Here is why: Unfortunately, some people will drive (or go to work) while impaired. Driving while impaired is a choice and a crime. Those who would qualify to use medical marijuana are often already prescribed narcotics to help ease their suffering. If so, they are already facing this choice of whether to drive (or work) while impaired. Adding another treatment option is not going to change this.
Question 6: I’ve heard that you won’t even need a prescription to obtain medical marijuana!
Answer: This is true. However, it is also misleading.
Here is why: You will not be able to run down to your corner store and find the medical marijuana stocked between the headache medicine and the laxatives. No, it isn’t stocked near the snack foods, either…(talk about boosting sales!)
In fact, obtaining medical marijuana will likely be more difficult than taking a prescription to your local pharmacy.
Here is what you might expect:
- First, a patient must suffer from one of the specified “qualifying conditions.” You cannot qualify just because you have a bit of a headache or a stomach bug!
- Next, a patient has to convince their doctor to give them a “written certification” saying that they qualify to use this form of treatment. Technically, this is not a “prescription” which would be regulated by the FDA. Instead, this “certification” will be regulated by a newly created state agency. (See Question 1 about Arkansas and regulations!)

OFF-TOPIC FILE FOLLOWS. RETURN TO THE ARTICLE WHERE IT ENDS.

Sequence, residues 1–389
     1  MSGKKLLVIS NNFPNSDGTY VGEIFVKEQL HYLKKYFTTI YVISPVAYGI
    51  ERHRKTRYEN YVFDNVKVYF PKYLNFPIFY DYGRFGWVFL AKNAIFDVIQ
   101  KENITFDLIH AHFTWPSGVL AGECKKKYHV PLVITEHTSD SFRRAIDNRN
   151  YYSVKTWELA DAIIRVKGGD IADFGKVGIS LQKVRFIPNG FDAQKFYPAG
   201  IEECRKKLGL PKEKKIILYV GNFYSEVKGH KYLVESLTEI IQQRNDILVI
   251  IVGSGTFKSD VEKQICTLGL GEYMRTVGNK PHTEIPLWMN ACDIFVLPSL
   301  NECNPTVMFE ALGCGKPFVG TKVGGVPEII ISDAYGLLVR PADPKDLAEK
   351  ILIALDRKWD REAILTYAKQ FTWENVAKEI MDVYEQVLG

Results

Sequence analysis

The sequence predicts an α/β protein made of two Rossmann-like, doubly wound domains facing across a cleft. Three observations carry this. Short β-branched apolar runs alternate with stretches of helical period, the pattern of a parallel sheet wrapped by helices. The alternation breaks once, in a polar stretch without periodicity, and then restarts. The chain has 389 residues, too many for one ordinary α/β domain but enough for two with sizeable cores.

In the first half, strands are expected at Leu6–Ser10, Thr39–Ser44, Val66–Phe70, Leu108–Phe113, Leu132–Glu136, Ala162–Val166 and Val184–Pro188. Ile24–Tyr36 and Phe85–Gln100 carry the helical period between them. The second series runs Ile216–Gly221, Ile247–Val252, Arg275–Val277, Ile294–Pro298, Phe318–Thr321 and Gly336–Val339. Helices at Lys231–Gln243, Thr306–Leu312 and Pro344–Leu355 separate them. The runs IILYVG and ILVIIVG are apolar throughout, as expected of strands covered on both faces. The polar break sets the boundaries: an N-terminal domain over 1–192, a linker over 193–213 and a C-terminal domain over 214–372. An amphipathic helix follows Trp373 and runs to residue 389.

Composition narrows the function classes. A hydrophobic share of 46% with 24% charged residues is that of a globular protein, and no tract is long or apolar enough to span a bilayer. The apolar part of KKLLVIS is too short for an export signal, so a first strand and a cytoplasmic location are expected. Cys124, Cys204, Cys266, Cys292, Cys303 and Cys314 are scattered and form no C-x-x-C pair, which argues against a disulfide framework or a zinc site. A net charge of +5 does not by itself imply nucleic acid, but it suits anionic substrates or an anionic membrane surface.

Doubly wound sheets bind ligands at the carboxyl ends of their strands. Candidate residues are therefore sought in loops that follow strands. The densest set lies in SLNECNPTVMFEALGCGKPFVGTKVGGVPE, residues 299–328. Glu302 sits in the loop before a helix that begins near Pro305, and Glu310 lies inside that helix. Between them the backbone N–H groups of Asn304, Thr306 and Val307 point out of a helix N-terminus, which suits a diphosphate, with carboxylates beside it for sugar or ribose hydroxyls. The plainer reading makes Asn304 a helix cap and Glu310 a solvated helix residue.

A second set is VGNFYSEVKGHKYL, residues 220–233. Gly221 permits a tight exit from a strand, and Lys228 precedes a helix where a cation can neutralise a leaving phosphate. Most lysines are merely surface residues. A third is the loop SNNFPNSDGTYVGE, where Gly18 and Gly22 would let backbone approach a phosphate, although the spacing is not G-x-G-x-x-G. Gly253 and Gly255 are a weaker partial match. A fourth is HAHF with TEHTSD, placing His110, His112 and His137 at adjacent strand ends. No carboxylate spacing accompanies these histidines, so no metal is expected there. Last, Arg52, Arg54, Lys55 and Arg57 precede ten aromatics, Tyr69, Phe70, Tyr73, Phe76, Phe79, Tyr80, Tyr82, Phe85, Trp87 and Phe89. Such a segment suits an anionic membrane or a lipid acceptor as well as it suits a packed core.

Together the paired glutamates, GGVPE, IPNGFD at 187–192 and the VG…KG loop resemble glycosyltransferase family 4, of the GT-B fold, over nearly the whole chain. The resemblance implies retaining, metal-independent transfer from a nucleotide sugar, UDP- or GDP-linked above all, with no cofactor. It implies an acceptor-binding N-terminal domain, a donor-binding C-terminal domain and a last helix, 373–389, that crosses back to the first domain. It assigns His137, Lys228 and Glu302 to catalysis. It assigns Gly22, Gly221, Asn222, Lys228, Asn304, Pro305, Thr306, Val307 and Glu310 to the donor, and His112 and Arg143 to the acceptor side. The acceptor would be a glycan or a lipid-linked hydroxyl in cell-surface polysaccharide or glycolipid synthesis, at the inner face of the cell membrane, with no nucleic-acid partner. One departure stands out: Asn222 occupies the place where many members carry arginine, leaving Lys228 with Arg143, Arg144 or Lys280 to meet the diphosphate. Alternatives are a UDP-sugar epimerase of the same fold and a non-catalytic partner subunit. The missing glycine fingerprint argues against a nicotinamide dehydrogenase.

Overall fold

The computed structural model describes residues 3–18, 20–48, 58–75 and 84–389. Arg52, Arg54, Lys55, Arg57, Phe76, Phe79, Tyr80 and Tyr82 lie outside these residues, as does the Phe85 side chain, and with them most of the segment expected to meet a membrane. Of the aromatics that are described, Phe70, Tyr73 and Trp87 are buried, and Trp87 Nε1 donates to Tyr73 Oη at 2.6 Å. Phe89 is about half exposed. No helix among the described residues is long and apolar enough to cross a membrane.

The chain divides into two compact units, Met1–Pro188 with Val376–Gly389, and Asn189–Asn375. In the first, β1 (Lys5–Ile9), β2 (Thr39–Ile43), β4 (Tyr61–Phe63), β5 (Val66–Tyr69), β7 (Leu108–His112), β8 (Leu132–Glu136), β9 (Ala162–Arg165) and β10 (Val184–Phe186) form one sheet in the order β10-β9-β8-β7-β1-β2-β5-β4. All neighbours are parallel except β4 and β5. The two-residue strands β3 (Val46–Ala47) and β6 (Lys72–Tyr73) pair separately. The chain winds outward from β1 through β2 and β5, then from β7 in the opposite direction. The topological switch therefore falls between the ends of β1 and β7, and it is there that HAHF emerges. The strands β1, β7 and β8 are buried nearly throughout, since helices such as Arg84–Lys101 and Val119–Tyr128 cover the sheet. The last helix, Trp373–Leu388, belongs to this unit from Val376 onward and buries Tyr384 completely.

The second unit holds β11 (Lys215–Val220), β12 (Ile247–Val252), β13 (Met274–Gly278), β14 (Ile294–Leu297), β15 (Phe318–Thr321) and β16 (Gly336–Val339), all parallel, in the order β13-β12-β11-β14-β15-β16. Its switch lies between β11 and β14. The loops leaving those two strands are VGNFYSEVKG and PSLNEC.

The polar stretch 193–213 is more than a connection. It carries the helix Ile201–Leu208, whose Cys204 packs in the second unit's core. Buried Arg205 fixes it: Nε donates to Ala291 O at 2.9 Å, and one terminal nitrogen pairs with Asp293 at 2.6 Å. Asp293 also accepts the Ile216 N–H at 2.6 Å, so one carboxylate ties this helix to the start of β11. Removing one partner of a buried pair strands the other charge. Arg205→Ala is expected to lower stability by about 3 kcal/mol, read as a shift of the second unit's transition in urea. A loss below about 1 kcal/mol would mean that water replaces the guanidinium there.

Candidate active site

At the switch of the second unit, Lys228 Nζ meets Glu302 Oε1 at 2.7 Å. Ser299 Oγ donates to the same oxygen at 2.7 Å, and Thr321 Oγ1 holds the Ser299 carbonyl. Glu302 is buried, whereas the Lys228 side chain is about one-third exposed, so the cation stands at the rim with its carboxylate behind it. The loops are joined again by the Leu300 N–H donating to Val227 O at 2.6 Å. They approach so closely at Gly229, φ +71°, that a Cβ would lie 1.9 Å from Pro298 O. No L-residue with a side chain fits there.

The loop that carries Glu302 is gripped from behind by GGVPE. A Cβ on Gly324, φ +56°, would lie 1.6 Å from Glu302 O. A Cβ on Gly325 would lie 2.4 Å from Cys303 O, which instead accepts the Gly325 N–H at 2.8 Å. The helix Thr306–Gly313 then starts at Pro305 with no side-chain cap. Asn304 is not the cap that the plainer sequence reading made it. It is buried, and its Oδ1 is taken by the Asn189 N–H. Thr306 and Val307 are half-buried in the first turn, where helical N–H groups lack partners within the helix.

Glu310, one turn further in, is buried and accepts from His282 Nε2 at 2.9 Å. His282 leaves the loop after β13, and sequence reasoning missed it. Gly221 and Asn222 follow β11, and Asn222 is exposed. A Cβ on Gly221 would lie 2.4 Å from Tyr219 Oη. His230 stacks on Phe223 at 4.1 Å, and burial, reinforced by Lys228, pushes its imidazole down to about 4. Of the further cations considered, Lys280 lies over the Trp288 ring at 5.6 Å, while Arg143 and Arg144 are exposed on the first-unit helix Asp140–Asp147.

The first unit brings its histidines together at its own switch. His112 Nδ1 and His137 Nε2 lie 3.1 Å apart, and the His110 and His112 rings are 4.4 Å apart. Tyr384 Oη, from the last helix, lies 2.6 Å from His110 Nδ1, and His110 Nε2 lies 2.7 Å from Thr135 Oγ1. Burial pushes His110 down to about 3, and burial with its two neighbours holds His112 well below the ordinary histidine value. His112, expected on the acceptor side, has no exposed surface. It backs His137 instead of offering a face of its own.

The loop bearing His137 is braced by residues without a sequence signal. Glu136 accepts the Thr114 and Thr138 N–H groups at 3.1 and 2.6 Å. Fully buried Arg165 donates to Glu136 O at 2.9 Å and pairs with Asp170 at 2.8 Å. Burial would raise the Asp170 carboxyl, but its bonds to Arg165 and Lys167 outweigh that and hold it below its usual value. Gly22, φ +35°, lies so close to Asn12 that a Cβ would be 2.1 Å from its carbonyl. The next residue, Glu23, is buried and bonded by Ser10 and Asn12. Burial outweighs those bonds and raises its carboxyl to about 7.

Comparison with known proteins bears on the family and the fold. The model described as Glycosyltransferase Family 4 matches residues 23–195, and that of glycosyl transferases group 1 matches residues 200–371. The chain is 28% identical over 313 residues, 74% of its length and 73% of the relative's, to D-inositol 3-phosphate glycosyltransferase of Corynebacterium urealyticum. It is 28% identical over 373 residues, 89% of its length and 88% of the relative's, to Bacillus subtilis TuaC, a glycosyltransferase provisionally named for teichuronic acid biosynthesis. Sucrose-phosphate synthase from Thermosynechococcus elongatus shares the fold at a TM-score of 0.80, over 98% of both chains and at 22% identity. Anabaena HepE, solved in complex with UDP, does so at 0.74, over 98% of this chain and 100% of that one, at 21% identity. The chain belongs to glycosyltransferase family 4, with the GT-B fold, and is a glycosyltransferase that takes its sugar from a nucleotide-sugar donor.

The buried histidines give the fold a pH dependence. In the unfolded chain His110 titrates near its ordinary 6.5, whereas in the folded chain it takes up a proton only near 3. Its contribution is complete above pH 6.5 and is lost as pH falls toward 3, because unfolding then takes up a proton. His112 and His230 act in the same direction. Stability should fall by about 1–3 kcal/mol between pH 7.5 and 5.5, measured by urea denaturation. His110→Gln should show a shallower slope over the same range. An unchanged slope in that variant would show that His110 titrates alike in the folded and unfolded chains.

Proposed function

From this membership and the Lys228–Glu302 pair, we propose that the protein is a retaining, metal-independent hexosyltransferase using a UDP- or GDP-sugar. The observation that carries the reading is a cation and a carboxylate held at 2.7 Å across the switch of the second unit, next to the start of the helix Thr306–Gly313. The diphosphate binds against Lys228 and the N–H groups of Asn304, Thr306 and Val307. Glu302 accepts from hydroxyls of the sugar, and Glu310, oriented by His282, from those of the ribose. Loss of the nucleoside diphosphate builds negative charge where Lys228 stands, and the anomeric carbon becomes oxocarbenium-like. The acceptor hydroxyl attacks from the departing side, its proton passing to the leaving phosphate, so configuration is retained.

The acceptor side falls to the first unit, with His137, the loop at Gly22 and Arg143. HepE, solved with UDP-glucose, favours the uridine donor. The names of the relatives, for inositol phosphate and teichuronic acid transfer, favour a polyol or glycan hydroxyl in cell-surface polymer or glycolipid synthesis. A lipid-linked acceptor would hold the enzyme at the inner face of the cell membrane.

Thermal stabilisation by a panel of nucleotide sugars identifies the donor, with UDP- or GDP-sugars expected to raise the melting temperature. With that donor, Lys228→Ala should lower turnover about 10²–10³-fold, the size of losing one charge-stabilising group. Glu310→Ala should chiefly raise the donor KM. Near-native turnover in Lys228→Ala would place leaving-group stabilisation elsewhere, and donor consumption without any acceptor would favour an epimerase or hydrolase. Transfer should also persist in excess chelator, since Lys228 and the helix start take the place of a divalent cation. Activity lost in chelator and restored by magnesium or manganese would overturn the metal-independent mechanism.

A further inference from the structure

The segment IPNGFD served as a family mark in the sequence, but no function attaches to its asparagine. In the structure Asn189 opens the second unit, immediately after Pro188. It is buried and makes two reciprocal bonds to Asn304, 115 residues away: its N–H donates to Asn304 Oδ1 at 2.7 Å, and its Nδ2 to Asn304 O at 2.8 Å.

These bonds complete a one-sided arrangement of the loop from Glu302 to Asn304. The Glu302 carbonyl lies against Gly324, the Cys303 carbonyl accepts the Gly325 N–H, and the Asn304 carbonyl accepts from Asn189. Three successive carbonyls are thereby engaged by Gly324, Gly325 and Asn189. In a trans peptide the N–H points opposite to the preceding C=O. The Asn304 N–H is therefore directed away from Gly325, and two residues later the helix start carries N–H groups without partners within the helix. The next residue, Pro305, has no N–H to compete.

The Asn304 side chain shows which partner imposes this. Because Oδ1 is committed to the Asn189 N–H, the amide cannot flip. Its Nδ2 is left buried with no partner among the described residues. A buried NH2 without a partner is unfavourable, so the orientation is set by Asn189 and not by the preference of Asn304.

- Third, the patient who has the “qualifying condition” and their doctor’s “written certification” still needs to get permission from the State of Arkansas. If the state agrees, the patient gets to pay for a special new identification card designating them as part of the “medical marijuana club.” (insert sarcastic tone, here)
Now that you’ve got your spiffy card – you are all set, right? Not just yet.
- Fourth, the patient may only obtain their medical marijuana directly from highly regulated “dispensaries” or “care centers.” There will a limited number of these available in the state, so the patient is likely to have to travel to get there, then wait in line with all the other patients who traveled to get there. For many patients suffering debilitating conditions, extended periods of sitting or standing can be torture.
- Fifth, medical marijuana will not be covered by health insurance. Nope, not even Medicare. This may create a financial hurdle for some patients who would otherwise qualify.
Okay, so you’ve got your card, your money, and a ride to the dispensary. Stock up now, so you don’t have to come back right away! Sorry … no.
- Lastly, there will be limits imposed on how much medical marijuana each patient can receive. They will not be able to stock up (and won’t have any extra to sell to your children!).
Consider this: Why would patients go to all that trouble, rather than just dropping off a prescription at their local Walgreens? That is a good question, and we can only ponder the possible answers. To find out, you would have to ask patients or their doctors. But, please don’t do that. Doctors won’t violate HIPAA and patient confidentiality, plus it is none of your business.